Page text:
We have many more requests for great features than we have capacity to work on. There is a good chance we’ll not be able to work on something. Make sure the appropriate labels (such as customer) are applied so every issue is given the priority it deserves.

Product Development Timeline

Teams (Product, UX, Engineering) continually work on issues according to their respective workflows. There is no specified process whereby a particular person should be working on a set of issues in a given time period. However, there are specific deadlines that should inform team workflows and prioritization. Suppose we are talking about milestone m that will be shipped in month M (on the 22nd). We have the following deadlines:

Refer to release post due dates for additional deadlines.

Note that deployments to GitLab.com are more frequent than monthly major/minor releases on the 22nd. See auto deploy transition guidance for details.

Updating Issues Throughout Development

Team members use labels to track issues throughout development. This gives visibility to other developers, product managers, and designers, so that they can adjust their plans during a monthly iteration. An issue should follow these stages:

When the issue has been verfied and everything is working, it can be closed.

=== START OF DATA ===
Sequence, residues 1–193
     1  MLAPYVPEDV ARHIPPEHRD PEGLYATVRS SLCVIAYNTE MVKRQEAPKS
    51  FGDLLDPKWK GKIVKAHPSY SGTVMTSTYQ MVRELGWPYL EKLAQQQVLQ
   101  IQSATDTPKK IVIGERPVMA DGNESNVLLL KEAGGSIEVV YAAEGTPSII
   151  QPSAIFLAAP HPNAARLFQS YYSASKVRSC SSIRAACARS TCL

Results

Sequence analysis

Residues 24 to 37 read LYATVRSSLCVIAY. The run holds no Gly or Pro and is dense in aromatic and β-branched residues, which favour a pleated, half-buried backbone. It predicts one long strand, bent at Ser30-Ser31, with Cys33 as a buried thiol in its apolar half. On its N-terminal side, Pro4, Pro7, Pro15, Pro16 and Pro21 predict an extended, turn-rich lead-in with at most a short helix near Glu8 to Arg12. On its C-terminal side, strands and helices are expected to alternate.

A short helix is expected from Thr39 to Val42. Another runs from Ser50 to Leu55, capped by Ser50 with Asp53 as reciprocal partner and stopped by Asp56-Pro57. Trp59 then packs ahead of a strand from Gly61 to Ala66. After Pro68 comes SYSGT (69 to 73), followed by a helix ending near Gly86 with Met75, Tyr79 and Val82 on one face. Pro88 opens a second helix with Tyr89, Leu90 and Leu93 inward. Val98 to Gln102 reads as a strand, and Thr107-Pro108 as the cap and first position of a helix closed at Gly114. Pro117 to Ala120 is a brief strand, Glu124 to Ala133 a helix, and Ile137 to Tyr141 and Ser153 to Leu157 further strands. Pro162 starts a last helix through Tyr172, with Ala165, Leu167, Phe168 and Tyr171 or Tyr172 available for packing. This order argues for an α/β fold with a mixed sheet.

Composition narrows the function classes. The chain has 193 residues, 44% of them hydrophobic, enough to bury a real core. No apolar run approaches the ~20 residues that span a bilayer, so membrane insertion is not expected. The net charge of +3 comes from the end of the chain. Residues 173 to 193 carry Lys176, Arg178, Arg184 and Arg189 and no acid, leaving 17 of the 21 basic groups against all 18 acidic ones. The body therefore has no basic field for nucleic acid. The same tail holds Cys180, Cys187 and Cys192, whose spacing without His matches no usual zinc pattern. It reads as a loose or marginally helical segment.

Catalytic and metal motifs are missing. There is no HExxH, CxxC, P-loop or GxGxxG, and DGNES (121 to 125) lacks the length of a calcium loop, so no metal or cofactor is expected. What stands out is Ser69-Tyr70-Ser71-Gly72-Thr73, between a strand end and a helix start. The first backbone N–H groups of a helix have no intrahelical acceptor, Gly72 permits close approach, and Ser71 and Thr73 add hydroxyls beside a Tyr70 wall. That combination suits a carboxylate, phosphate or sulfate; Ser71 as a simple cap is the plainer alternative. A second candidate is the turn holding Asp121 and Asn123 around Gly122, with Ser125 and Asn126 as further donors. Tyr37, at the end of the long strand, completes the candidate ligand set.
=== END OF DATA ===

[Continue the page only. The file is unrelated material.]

Kickoff

At the beginning of each release, we have a kickoff meeting, publicly livestreamed to YouTube. In the call, the Product Development team (PMs, Product Designers, and Engineers) communicate with the rest of the organization which issues are in scope for the upcoming release. The call is structured by product area with each PM leading their part of the call.

The notes are available in a publicly-accessible Google doc. Refer to the doc for details on viewing the livestream.

Retrospective

After each release, we have a retrospective meeting, publicly livestreamed to YouTube. We discuss what went well, what went wrong, and what we can improve for the next release.

The format for the retrospective is as follows. The notes for the retrospective are kept in a publicly-accessible Google doc. In order to keep the call on time and to make sure we leave ample room to discuss how we can improve, the moderator may move the meeting forward with the timing indicated: